Al-Khawaja’s 2009 Ashura Speech: “The Ruling Gang” in US Cable and Justin Gengler’s Book (Part 5)

2016-11-13 - 7:33 م

Bahrain Mirror: (Exclusive): The Chargé d'Affaires at the United States Embassy in Bahrain, Christopher Henzel, sent a cable, classified as confidential, to the US State Department on January 13, 2009. Wikileaks; however, disclosed this document in 2010.

The cable addressed with great concern one of the most significant political speeches in Bahrain's Ashura history. It was an outstanding address that still resonates today. It attracted the attention of many researchers and academics who worked on analyzing its structure, and political and social context.

What political analyst specialized in Bahraini affairs Justin J. Gengler, who conducted a research on the said oration delivered by Abdulhadi al-Khawaja, shed light on the most is that al-Khawaja makes no claim to religious authority. He is a human rights activist who is currently serving a life sentence for his alleged role in the February 14, 2011 uprising.

Abdulhadi al-Khawaja: Manama's 2009 Ashura Orator

Al-Khawaja's fiery speech delivered at the height of Ashura in the Bahraini capital Manama on January 7, 2009 expressed the peak of political frustration and distress and it was without doubt considered one of the primary tools of mobilization used by the Haq Movement led by Hasan Mushaima to stir up the public and pave the way for an (unplanned) uprising.

Al-Khawaja enjoyed a controversial character since his return to Bahrain at the onset of what was known to be the 2001 reform project. He was not an ordinary rights defender, for he possessed a daring revolutionary side. He does not grow weary of confronting oppression and tyranny and history proves that he did not fear any repercussions.

Al-Khawaja as a popular figure became more intimidating than ever, since this oration, through which he made use of his religious cache to speak of the value of sacrifice in Ashura and standing against the oppressor, in the name of Imam Hussain.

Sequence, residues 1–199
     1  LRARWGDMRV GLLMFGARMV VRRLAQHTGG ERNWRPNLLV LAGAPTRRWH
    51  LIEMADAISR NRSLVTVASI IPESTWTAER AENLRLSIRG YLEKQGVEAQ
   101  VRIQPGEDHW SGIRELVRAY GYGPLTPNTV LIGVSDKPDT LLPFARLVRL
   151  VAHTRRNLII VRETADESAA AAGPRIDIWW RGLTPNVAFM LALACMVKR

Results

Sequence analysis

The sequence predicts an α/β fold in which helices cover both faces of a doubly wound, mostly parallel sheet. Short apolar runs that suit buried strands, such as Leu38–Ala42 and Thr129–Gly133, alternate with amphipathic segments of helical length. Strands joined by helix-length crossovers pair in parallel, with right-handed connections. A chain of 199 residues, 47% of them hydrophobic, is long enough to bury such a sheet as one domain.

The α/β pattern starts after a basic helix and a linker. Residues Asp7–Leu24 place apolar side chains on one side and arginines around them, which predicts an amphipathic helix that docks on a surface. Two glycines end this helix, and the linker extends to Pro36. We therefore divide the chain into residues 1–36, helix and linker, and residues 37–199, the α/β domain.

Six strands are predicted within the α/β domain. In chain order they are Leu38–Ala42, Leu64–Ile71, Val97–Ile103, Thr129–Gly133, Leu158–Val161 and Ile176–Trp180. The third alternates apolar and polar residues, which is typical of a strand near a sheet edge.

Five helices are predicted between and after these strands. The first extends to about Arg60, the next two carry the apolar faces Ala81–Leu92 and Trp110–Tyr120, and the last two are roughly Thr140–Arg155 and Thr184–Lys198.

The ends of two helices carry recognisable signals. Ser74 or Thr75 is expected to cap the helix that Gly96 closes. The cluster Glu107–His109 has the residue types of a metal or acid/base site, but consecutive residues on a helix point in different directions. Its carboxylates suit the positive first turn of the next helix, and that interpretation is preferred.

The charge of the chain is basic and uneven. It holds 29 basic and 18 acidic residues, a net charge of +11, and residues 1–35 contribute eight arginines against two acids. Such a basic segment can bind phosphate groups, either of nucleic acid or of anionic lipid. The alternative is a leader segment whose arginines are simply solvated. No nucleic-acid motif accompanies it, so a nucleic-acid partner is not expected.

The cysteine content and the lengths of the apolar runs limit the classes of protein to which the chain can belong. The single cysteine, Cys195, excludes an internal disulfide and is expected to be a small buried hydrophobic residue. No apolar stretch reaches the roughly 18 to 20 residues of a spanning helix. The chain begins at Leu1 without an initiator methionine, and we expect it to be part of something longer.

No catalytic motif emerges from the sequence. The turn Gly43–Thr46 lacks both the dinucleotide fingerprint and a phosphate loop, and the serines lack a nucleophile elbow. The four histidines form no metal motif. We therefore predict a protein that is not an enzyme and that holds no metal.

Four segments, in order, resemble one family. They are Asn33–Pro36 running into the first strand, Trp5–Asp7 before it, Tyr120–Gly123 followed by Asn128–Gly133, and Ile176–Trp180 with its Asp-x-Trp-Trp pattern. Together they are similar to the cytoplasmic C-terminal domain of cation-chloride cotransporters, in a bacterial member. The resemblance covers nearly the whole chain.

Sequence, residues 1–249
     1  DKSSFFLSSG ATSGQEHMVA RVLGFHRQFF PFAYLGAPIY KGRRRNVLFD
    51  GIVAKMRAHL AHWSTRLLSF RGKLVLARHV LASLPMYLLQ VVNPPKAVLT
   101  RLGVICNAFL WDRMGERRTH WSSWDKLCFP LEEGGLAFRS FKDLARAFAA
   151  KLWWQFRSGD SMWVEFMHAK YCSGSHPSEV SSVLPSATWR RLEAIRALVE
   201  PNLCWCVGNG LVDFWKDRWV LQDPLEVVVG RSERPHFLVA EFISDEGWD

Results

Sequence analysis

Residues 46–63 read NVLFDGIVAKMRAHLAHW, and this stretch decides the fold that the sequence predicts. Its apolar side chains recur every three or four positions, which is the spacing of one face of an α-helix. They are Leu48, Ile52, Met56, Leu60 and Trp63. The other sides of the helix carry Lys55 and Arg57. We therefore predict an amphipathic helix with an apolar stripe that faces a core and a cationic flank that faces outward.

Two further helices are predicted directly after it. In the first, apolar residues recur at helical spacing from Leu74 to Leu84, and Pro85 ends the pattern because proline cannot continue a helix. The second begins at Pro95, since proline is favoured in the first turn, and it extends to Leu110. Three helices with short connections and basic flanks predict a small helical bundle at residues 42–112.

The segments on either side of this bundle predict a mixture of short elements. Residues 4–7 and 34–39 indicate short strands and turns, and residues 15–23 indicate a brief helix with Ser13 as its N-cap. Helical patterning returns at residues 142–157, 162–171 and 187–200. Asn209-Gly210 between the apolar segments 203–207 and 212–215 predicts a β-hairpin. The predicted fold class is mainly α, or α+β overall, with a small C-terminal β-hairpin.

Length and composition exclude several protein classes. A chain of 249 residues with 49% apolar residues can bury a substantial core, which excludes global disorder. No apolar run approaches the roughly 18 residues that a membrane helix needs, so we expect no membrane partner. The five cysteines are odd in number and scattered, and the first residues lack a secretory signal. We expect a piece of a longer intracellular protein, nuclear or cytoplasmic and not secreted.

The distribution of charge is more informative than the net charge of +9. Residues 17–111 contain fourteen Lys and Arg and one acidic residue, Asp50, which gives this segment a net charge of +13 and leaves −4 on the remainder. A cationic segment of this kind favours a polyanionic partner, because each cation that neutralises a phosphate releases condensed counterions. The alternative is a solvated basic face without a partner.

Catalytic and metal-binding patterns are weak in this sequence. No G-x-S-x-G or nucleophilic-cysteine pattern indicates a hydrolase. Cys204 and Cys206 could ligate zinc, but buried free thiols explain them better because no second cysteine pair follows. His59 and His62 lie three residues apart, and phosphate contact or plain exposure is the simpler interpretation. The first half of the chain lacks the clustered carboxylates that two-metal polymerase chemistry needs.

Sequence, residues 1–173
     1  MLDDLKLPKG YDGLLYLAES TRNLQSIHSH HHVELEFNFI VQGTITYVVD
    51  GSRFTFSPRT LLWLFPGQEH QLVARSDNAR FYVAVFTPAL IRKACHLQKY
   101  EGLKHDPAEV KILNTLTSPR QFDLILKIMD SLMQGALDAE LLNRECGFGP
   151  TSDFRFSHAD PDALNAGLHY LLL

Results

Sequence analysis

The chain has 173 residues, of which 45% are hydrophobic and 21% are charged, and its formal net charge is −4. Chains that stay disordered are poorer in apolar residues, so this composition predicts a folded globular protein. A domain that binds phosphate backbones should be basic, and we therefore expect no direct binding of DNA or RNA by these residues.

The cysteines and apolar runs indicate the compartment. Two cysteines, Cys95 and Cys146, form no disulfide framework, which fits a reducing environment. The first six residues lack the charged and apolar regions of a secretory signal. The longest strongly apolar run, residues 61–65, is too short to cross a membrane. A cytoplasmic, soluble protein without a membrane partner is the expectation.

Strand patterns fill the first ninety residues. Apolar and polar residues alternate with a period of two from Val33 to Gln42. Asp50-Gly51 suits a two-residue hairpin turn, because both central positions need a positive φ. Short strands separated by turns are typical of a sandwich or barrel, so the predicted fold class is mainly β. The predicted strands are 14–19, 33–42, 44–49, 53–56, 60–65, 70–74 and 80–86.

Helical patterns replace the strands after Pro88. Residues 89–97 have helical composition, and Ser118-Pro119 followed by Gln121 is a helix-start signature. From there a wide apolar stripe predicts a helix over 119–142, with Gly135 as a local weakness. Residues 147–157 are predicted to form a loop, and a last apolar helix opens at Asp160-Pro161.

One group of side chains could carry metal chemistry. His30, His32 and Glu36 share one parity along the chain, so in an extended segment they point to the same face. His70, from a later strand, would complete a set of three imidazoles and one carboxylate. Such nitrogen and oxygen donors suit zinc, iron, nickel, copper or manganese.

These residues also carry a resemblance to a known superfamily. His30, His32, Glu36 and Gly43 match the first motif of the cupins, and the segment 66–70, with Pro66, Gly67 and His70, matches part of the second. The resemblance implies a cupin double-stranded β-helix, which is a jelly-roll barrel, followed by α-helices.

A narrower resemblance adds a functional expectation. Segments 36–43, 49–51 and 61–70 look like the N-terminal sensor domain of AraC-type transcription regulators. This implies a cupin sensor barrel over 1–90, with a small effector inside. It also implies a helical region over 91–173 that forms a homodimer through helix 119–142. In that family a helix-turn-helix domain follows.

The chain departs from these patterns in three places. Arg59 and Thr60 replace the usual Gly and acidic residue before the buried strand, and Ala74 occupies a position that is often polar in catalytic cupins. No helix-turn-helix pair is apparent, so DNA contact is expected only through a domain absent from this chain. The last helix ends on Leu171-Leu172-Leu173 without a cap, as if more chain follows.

Writer and academic researcher Justin Gengler happened to be in Bahrain at the time and personally attended al-Khawaja's oration. He devoted many pages to discuss this speech in the "Religion and Politics in Bahrain" chapter of his published PhD dissertation entitled "Group Conflict and Political Mobilization in Bahrain and the Arab Gulf".

Gengler translated the entire speech including the Ashura poem recited by al-Khawaja. He documented every part of the oration, analyzing it in the framework of religion's effects on politics and placing it in its political, social and historical context.

Al-Khawaja's Speech in Justin Gengler's Book

Gengler realized that there is a more strictly political side of the Ashura commemoration "in which political rather than religious leaders take the opportunity to address their constituencies, aided by the overflowing emotion and sense of eternal betrayal and injustice stirred up over the course of these thirteen days."

"For those looking to make a real political statement, the venue of choice is the early morning of the tenth of Muharram, in the wake of the almost hysterical mourning at the death of Husain earlier that night," he added.

He further explained that since the mid-1990s it is an anomaly if at least one political activist is not arrested for an ardent anti-government speech at this the zenith of Ashura and of the entire month of Muharram.

صراع الجماعات

Gengler pointed out the secrecy surrounding the identity of the speaker to deliver an oration from the Haq Movement pavilion on Ashura day. "The keynote speaker was rumored to be ‘Abd al-Hadi al-Khawajah, who shortly before 2:30 a.m. duly arrived outside his namesake mosque in the Manama Suq district."